Need Help with Arizona Immigration Laws?
Free Consultation with Phoenix Immigration Attorney Cliff Levenson
The immigration laws of the United States can have a huge impact upon families, individuals, investors and business owners. In the aftermath of the attacks of September 11, the Immigration and Naturalization Service (INS) became the U.S. Citizenship and Immigration Service (USCIS). The Department of Homeland Security then took it over. This added another layer to an already complex regulatory and procedural scheme. Because handling immigration matters the wrong way can have such dire consequences, finding experienced legal counsel to help you is of utmost importance.
Dealing with immigration matters without assistance can be very confusing. The law and regulations are constantly changing, and mistakes can be extremely difficult – and time consuming – to correct. Immigration in Arizona has become a particularly contentious issue in recent years. It is never too late to seek legal advice. However, you should speak to a Phoenix immigration lawyer as soon as possible in any case.
As a sole practitioner, Phoenix lawyer Cliff Levenson can provide the individualized attention that immigration matters require. He can help you or your family in the areas of:
- Family-Based Immigration
- Removal/ Deportation Proceedings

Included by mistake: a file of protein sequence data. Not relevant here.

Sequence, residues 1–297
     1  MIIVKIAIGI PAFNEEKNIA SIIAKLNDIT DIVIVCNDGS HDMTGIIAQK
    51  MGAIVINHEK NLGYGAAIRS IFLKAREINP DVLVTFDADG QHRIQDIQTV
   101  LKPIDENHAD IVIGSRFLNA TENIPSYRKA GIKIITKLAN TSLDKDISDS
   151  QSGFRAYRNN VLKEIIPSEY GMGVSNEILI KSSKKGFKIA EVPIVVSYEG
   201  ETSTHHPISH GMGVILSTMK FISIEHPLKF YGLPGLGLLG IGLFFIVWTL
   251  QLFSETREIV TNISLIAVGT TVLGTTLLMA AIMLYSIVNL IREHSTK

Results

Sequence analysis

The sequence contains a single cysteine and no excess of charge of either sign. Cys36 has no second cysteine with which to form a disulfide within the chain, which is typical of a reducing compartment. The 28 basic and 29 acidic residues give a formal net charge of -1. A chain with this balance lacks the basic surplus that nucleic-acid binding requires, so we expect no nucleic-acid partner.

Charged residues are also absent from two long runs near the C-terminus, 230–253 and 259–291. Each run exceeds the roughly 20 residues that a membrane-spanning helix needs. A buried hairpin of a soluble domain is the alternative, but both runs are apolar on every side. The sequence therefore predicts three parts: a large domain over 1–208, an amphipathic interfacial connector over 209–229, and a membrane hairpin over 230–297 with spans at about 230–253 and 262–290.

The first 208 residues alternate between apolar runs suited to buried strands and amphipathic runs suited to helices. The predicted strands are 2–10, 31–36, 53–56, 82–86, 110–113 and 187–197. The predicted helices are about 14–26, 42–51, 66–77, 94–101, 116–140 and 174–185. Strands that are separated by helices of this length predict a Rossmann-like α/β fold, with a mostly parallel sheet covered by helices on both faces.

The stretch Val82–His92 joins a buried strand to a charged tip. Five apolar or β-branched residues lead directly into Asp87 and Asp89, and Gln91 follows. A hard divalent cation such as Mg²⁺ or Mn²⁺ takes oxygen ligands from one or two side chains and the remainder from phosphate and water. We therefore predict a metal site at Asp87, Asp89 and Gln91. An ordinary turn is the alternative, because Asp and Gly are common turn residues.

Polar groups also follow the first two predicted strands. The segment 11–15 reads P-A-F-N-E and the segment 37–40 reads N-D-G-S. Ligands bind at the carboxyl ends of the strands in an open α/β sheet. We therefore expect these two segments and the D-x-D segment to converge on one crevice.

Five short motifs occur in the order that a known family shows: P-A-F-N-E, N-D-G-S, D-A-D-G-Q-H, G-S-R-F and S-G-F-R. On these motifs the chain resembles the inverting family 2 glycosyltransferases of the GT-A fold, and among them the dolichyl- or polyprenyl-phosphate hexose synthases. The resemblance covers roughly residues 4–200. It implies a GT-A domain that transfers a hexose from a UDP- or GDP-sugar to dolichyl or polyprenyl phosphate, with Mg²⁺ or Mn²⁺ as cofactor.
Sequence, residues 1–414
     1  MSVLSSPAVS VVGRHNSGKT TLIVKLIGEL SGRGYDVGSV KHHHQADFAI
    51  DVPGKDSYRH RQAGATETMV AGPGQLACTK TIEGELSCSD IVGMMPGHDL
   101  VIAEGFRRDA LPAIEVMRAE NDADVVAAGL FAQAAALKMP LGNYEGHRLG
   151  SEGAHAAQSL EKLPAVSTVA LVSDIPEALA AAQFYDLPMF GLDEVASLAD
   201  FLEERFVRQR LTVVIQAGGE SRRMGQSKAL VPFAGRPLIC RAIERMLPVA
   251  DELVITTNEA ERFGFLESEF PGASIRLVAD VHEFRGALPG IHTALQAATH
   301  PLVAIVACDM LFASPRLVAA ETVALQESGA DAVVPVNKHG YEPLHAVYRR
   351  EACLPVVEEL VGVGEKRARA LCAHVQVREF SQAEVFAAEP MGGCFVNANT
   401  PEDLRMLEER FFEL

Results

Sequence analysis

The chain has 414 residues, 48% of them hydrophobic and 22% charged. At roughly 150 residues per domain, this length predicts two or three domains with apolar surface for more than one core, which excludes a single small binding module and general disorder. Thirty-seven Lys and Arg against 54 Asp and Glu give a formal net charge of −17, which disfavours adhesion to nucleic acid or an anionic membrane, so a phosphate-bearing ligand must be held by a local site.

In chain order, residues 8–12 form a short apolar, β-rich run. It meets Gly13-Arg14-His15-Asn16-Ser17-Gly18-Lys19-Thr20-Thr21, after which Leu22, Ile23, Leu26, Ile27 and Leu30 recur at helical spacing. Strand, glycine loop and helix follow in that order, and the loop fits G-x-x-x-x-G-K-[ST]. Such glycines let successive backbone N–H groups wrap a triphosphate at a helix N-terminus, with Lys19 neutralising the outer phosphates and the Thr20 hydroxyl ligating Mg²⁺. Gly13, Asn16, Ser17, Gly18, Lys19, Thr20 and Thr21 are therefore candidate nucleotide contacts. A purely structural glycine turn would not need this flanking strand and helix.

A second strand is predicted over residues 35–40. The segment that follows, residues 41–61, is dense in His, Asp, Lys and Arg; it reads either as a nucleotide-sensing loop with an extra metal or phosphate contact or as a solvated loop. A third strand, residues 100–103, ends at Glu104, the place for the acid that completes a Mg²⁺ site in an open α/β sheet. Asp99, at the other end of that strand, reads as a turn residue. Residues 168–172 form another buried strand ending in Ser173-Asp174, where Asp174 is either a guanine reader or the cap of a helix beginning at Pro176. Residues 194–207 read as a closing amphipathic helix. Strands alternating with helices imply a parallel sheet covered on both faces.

Would you like to bring family members into the United States? There are often misconceptions about who is eligible to obtain a U.S. visa and lawful, permanent residence in America. Phoenix lawyer Cliff Levenson can help you obtain the following types of visas:
- Fiancée visa
- Spouse visa
- Parent visa
- Sibling visa
- Child or children’s visa
In addition, Cliff can help obtain visas for Americans who want to marry a foreign national.
Cliff helped many families who faced the deportation of a loved one. In some cases, you can challenge the removal of an alien, no matter what his or her immigration status, in Immigration Court. Please contact Phoenix attorney Cliff Levenson immediately for a free consultation if you or a loved one is facing removal proceedings. Additionally, even if you are accused of illegal immigration or facing a criminal charge, we may be able to help.
Cliff and his staff offer guidance and expertise to individuals seeking to become naturalized U.S. citizens. Cliff’s staff includes Vietnamese speakers. Thus, he can assist Vietnamese clients, in particular, to successfully meet the language requirement for citizenship.
The DREAM Act and DACA
The Development, Relief, and Education for Alien Minors Act (the “DREAM Act”), proposed in 2001 by Senators Dick Durbin and Orrin Hatch, has yet to pass into law. But Phoenix attorney Cliff Levenson is ready to help those who may qualify under the current program called Deferred Action for Childhood Arrivals (“DACA”).
The DREAM Act would allow people who immigrated illegally to the United States as minors to obtain permanent residency. DACA, on the other hand, does not allow undocumented immigrants to obtain legal status. However, it does allow certain immigrants to obtain a renewable two-year work authorization document.
On August 15, 2012, USCIS began processing applications for deferred action for childhood arrivals (“DACA”). This resulted in the so-called “DREAM” initiative of the Obama administration. It gives young people brought to the US some relief from deportation and a chance to obtain employment authorization in two-year increments.